Friday, January 23, 2015

Recall bias, or how I learned to stop worrying about measles and love my vaccination beliefs

The multi-state outbreak of measles in the US, which originated at Disneyland theme parks in California, has received much attention in the press recently. Sadly, the event isn't terribly surprising: many people, including children, lack immunity. The reasons for this are varied, and include the MMR vaccine being recommended for children over 12 months of age; persons not completing the recommended vaccination sequence; waning immunity in older persons; and lack of vaccination.

This latter issue is related to the anti-vaccination movement and this dimension is receiving attention in the media. Some of the discourse is revealing. One example appeared in the New York Times recently, which quoted a Santa Monica pediatrician who has cautioned against the way vaccines are used in the past (but does administer the vaccine in his practice):
“I think whatever risk there is -- and I can’t prove a risk -- is, I think, caused by the timing,” he said, referring to when the shot is administered. “It’s given at a time when kids are more susceptible to environmental impact. Don’t get me wrong; I have no proof that this vaccine causes harm. I just have anecdotal reports from parents who are convinced that their children were harmed by the vaccine.”
Perhaps such comments could be rephrased more bluntly: I believe that the vaccine could be dangerous to kids because people who know less about medicine and epidemiology than I do tell me, with great conviction, that they think it's dangerous. Even blunter still might be: The idea that vaccines can be dangerous has a high truthiness, so count me in. Or even, After talking to some patients I've decided to stop worrying about measles and love my unfounded beliefs about vaccination.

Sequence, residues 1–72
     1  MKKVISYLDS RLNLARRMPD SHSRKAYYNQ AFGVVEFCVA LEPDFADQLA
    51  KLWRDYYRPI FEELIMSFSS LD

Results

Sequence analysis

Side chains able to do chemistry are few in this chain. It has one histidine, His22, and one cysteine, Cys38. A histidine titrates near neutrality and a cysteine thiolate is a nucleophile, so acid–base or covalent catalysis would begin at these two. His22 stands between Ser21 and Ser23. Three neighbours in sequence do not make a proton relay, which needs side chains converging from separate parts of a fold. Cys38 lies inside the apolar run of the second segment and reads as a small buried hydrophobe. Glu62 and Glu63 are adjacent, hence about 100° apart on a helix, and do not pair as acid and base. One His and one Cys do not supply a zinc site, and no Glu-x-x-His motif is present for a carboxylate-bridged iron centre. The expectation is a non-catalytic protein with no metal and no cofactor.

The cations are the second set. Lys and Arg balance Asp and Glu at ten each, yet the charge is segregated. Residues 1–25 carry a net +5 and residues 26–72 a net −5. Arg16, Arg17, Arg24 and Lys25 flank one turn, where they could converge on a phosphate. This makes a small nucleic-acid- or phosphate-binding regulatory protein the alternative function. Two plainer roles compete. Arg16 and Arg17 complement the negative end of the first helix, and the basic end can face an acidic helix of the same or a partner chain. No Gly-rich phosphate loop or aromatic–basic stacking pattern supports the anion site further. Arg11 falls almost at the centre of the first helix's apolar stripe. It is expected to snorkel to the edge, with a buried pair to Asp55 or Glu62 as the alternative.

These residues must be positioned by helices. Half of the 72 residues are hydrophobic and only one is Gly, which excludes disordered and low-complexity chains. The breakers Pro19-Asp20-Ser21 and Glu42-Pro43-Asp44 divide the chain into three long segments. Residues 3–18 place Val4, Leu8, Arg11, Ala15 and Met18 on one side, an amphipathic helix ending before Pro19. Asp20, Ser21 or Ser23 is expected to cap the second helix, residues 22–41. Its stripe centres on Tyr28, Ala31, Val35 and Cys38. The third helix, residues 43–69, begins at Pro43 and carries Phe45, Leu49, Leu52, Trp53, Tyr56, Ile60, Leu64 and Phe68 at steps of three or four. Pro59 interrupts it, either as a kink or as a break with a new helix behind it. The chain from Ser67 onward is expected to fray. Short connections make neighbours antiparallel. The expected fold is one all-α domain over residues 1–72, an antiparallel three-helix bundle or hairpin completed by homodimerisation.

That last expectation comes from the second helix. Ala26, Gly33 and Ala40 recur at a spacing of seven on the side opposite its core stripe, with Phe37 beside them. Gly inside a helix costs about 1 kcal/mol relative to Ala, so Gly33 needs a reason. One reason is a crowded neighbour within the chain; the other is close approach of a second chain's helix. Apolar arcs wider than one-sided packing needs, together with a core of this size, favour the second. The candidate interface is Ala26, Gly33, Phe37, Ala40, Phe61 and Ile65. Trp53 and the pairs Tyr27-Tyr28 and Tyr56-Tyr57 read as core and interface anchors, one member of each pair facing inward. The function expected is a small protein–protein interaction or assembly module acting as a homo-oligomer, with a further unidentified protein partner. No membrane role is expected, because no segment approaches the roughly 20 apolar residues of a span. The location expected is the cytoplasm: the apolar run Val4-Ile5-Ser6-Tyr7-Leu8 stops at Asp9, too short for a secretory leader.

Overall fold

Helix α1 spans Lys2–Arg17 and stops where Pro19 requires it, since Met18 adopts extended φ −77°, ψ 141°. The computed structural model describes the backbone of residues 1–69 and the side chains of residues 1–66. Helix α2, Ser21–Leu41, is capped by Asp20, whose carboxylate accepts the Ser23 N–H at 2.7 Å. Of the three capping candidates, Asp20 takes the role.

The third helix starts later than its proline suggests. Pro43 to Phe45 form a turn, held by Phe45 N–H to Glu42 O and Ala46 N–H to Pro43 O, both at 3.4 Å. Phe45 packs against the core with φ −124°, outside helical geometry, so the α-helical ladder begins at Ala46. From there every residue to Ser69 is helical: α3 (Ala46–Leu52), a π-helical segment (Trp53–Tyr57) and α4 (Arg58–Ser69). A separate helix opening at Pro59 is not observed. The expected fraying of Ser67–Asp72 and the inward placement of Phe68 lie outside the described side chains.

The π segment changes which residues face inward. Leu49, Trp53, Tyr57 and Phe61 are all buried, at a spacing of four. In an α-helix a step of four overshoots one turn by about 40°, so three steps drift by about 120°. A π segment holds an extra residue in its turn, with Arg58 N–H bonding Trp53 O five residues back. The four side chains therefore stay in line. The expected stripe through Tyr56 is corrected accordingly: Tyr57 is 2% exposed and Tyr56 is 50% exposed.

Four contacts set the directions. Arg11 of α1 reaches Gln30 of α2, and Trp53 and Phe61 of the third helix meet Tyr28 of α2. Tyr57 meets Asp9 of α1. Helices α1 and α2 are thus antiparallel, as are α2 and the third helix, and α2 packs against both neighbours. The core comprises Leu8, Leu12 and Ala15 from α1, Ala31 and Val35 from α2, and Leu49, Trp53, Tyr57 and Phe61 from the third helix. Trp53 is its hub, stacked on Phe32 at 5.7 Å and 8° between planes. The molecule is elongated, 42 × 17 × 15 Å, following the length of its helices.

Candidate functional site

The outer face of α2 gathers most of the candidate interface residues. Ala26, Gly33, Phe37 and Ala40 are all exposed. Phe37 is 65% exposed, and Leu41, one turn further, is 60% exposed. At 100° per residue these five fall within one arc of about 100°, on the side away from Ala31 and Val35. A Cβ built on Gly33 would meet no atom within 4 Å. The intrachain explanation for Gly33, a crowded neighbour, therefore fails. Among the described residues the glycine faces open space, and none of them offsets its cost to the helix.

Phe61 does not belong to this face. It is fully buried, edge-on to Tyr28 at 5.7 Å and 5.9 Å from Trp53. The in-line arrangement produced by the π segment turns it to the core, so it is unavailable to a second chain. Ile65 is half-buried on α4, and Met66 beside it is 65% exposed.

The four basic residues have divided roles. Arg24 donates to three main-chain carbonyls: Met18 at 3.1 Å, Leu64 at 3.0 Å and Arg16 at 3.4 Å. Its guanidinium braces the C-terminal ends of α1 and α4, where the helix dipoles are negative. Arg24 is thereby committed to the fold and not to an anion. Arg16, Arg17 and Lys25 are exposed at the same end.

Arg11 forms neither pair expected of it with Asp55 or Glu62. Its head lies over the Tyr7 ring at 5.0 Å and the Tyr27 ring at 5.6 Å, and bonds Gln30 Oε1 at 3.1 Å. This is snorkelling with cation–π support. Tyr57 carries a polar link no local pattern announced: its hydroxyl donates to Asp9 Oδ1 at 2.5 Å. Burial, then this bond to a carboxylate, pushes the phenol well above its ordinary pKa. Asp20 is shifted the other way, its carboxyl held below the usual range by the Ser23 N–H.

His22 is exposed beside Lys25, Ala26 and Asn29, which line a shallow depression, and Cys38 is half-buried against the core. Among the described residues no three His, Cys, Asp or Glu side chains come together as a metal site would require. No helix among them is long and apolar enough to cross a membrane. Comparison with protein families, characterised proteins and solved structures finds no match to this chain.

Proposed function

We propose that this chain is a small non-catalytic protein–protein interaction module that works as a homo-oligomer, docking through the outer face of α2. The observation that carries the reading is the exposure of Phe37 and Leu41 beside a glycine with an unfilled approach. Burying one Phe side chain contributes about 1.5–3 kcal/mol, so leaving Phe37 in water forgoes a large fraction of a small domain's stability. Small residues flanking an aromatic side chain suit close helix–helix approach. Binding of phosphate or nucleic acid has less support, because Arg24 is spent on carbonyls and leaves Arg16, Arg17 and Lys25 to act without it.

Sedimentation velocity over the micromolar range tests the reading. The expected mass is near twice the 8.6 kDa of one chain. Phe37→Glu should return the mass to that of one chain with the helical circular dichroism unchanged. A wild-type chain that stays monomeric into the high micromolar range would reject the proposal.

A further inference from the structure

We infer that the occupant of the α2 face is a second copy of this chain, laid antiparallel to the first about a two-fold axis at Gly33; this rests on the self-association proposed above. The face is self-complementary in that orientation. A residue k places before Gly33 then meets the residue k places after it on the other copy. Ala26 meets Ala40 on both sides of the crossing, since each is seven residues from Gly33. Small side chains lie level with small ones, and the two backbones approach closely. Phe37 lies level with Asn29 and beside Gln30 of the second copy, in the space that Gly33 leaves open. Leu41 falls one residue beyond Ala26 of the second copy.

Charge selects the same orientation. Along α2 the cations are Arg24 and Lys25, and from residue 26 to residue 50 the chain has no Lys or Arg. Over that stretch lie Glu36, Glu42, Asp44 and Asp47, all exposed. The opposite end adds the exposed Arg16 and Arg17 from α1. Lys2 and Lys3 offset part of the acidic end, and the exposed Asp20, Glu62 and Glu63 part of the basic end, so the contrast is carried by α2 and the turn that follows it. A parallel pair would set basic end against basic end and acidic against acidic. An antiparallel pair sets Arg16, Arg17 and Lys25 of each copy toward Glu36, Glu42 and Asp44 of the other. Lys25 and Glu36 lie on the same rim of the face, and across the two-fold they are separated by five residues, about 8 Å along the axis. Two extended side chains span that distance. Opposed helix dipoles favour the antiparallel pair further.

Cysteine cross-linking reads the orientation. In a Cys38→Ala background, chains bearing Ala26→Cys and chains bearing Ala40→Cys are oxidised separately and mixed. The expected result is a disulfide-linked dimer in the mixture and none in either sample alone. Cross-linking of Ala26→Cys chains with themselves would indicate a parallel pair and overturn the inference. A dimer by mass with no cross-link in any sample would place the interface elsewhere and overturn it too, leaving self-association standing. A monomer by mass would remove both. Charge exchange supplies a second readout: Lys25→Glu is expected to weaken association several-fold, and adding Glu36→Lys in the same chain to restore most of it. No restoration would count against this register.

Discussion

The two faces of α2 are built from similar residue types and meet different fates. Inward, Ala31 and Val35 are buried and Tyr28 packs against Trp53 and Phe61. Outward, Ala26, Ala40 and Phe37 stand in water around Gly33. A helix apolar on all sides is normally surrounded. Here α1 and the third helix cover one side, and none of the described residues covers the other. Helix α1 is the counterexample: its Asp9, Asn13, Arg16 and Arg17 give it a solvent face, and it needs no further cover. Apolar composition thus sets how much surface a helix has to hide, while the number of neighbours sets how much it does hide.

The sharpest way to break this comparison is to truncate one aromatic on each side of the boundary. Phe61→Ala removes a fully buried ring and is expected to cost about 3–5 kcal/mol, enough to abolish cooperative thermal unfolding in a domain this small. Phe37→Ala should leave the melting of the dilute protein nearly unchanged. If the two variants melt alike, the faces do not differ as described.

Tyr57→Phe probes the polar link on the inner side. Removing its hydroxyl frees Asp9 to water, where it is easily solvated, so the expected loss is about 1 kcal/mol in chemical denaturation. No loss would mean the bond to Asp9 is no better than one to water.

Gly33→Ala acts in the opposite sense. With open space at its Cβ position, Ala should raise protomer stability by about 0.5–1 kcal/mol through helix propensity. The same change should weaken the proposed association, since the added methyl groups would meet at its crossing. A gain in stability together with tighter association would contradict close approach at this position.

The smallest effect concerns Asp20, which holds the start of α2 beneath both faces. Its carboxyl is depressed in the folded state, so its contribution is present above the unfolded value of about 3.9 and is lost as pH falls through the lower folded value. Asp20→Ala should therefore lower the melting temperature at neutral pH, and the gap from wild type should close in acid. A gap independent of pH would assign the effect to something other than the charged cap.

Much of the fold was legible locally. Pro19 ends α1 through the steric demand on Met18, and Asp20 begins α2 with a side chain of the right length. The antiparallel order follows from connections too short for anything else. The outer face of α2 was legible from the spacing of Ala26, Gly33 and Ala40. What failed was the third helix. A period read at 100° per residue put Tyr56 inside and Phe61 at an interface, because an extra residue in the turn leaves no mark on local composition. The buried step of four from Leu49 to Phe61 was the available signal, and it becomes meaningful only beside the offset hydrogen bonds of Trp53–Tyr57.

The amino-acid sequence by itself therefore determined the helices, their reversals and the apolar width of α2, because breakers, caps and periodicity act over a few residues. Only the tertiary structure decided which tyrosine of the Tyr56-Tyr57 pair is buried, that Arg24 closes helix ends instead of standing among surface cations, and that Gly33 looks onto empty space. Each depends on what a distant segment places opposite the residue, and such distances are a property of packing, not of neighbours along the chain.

I've written before about the importance of understanding those who subscribe to anti-vaccination notions. Statements like this from a physician illustrate how much work has to be done. Several years ago Delgado-Rodríguez and Llorca wrote a very nice continuing professional education paper on bias in epidemiology, which physicians with similar beliefs should read. The following passage is especially important:
Recall bias: if the presence of disease influences the perception of its causes (rumination bias) or the search for exposure to the putative cause (exposure suspicion bias), or in a trial if the patient knows what they receive may influence their answers (participant expectation bias). This bias is more common in case-control studies, in which participants know their diseases, although it can occur in cohort studies (for example, workers who known their exposure to hazardous substances may show a trend to report more the effects related to them), and trials without participants’ blinding.
If someone wants to find a cause for a medical event, they will. The plural of "anecdote" is not "data", no matter how convincing the anecdotes may seem.

(image source: Wikipedia)

No comments:

Post a Comment